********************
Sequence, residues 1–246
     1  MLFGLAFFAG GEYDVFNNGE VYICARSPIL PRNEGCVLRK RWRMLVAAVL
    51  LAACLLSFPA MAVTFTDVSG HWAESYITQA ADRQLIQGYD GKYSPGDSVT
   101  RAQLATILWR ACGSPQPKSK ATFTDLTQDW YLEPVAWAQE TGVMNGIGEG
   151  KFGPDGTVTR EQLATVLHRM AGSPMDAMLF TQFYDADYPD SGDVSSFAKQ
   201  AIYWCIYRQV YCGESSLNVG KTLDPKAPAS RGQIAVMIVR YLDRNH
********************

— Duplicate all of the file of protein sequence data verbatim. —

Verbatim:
Sequence, residues 1–246
     1  MLFGLAFFAG GEYDVFNNGE VYICARSPIL PRNEGCVLRK RWRMLVAAVL
    51  LAACLLSFPA MAVTFTDVSG HWAESYITQA ADRQLIQGYD GKYSPGDSVT
   101  RAQLATILWR ACGSPQPKSK ATFTDLTQDW YLEPVAWAQE TGVMNGIGEG
   151  KFGPDGTVTR EQLATVLHRM AGSPMDAMLF TQFYDADYPD SGDVSSFAKQ
   201  AIYWCIYRQV YCGESSLNVG KTLDPKAPAS RGQIAVMIVR YLDRNH